Federal Finance Minister Joe Oliver had some welcome news during the release of the fall fiscal update: Canada’s federal deficit is projected to finally be eliminated next year. With a surplus now expected for 2015-16 and an election under a year away, the political battle lines have started to be drawn.
The government is promising tax breaks, mainly in the form of income splitting for families, as well as direct payments to families with children. The NDP is countering with an expensive new national childcare program, modeled after the failing Quebec system.
It is normal and healthy in politics for there to be a difference of opinion about which direction the government should go.
Contrasting policies gives Canadians clearer choices about how to cast a ballot come Election Day. Oddly enough though, there’s one big issue – massive in fact – that doesn’t seem to be a big part of the discussion. It’s our federal debt.
You may be surprised to hear Canada’s federal debt alone (which doesn’t count any provincial or municipal debt) is currently ataround $613 billion. That’s an increase of $154 billion since 2008, when the government made the unfortunate decision to plunge us into deficit in the name of fighting the recession. Canada’s debt is more than double the amount of all the money the federal government spends in a single year.
Six years later, the light is at the end of the tunnel, and we’re close to being able to say we are no longer adding any new charges to the national credit card. Great news – except that doesn’t change the fact we’ve still got an eye-watering balance of $613 billion to pay off, which is racking up interest by the minute. Thankfully, interest rates are low for the moment, but even now it costs more than $28 billion a year to service our debt. That’s $28 billion that could have been spent on other things important to Canadians – or put back in their pockets.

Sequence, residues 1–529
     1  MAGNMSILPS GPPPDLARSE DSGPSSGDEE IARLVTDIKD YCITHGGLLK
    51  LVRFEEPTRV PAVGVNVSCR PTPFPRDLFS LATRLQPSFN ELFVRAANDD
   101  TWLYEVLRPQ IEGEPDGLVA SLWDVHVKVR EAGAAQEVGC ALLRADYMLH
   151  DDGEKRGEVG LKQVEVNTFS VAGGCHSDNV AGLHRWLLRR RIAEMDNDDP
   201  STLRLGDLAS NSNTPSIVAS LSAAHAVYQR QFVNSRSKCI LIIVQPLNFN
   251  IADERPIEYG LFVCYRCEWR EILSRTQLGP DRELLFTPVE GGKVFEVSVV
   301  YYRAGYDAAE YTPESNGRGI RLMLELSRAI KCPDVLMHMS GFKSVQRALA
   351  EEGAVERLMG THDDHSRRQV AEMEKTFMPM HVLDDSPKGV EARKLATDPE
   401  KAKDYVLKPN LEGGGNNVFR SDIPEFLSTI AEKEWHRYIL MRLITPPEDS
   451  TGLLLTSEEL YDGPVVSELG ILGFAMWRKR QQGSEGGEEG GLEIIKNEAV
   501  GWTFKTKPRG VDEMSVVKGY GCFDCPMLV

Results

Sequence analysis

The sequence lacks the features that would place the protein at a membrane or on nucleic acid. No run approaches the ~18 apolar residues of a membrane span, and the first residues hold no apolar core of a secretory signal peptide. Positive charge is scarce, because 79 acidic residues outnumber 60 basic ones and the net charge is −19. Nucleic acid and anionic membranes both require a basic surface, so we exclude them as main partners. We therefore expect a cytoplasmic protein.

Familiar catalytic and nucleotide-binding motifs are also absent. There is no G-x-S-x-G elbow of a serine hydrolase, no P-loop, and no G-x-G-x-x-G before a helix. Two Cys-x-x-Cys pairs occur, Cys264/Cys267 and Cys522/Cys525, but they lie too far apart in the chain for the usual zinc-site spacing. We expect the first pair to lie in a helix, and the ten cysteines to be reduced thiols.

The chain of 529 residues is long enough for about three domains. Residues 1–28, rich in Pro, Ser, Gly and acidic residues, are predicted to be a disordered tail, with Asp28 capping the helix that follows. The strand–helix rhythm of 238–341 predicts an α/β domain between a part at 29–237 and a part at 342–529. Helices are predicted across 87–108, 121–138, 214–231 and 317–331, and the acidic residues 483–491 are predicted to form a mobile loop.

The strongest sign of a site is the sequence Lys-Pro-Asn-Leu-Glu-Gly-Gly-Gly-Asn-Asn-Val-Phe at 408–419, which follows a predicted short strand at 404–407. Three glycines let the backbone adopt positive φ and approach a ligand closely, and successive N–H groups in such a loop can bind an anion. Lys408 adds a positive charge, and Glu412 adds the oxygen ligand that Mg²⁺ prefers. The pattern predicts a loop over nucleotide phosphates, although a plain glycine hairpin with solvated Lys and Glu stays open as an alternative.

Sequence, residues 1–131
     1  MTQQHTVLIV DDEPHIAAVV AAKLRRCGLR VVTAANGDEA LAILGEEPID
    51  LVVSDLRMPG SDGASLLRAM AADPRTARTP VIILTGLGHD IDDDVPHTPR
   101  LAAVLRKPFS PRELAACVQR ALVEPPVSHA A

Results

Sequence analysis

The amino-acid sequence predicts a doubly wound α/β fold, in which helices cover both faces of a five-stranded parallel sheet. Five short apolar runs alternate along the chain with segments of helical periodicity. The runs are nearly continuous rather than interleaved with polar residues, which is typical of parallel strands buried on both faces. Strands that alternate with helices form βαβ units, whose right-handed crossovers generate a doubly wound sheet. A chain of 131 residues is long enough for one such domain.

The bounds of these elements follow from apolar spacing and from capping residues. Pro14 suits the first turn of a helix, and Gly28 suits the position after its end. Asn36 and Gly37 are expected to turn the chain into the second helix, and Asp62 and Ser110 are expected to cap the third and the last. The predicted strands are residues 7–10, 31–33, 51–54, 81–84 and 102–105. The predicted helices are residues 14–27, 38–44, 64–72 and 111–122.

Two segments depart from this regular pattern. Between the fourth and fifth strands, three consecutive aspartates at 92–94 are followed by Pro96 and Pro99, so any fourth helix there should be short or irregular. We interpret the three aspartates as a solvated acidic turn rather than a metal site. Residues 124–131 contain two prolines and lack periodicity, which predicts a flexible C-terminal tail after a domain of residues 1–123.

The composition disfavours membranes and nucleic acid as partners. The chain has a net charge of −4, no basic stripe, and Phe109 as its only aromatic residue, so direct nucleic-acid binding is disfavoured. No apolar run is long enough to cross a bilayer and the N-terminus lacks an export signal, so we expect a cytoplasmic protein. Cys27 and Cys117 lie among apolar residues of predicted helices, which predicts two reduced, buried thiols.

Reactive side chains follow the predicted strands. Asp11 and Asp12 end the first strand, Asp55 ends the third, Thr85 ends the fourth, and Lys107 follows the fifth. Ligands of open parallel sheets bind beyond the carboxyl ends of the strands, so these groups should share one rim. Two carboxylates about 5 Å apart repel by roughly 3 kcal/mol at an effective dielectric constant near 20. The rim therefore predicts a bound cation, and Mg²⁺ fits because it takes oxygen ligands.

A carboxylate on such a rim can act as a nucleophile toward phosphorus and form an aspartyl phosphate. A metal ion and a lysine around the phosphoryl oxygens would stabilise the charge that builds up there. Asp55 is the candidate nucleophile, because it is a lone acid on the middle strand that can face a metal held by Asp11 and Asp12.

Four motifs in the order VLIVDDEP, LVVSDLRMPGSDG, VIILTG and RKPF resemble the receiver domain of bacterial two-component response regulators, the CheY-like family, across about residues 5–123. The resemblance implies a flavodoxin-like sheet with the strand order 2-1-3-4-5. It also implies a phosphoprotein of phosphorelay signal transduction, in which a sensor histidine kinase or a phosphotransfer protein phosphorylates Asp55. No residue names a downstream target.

It is a strange irony that the same politicians, who often talk about the need to invest in government programs, or to protect the environment, justify their policies as benefitting “future generations,” and yet they have little to say about our public debt load. They speak about fighting unfairness and injustice – but not when it comes to the unfairness and injustice of future generations being stuck with the bills being run up by those of us consuming today.
The government, to their credit, has made some positive statements about reducing the federal debt; by pledging to get it down to below 25 per cent of our GDP by 2021 (it currently stands at around 32 per cent). This isn’t good enough. Arguably, these targets could be met by modest growth in the economy, without one red cent going towards debt repayment. The more aggressively we tackle the debt, the more money we free up for other things – whether government spending or (hopefully) tax relief, and the less burden we leave on future generations.
There is no hiding from the elephant in the room. Whatever direction future governments decide to take, the size of our debt will affect their ability to pay for government services. Over the next year, the public should demand all parties come clean about what their plans are to tackle our debt. The well-being of future generations depends on it.
Aaron Wudrick is the Federal Director of the Canadian Taxpayers Federation
Views expressed in this article are the opinions of the author and do not necessarily reflect the views of The Epoch Times.